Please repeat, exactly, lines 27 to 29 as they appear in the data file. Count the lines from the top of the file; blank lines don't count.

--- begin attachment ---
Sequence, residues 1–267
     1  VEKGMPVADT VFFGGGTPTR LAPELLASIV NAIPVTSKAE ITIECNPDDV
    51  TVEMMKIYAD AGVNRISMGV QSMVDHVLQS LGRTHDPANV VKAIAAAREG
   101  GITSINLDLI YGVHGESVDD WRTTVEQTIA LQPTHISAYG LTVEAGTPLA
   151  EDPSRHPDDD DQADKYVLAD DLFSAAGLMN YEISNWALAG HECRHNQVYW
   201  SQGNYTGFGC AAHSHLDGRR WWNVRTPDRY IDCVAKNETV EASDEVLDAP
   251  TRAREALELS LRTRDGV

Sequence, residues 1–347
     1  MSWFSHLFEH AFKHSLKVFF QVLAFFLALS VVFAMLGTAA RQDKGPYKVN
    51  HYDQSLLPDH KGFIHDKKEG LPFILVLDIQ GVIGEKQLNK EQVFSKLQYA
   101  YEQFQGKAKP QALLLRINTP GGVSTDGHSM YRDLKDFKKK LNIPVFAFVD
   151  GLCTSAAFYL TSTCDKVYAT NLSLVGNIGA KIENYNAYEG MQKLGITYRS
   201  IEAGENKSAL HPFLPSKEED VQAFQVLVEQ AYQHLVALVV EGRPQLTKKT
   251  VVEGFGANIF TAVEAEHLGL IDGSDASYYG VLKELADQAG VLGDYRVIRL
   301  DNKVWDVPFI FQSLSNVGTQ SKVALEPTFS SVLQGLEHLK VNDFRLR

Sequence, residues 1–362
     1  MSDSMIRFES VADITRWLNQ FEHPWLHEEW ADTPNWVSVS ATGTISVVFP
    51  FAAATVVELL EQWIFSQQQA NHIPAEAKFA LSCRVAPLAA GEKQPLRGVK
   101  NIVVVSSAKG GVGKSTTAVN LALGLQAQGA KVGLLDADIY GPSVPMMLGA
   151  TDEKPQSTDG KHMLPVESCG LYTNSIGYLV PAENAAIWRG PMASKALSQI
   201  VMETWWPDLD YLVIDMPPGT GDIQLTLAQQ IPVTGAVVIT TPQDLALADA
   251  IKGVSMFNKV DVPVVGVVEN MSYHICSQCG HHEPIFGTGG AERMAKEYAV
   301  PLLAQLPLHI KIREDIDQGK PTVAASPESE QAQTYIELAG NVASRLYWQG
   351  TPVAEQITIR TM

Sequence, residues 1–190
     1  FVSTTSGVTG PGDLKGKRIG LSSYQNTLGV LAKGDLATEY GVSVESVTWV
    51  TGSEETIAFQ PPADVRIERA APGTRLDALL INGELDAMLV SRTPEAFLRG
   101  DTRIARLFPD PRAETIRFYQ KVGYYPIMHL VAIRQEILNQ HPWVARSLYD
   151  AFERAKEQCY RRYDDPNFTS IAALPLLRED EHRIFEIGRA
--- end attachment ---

    51  TGSEETIAFQ PPADVRIERA APGTRLDALL INGELDAMLV SRTPEAFLRG
   101  DTRIARLFPD PRAETIRFYQ KVGYYPIMHL VAIRQEILNQ HPWVARSLYD
   151  AFERAKEQCY RRYDDPNFTS IAALPLLRED EHRIFEIGRA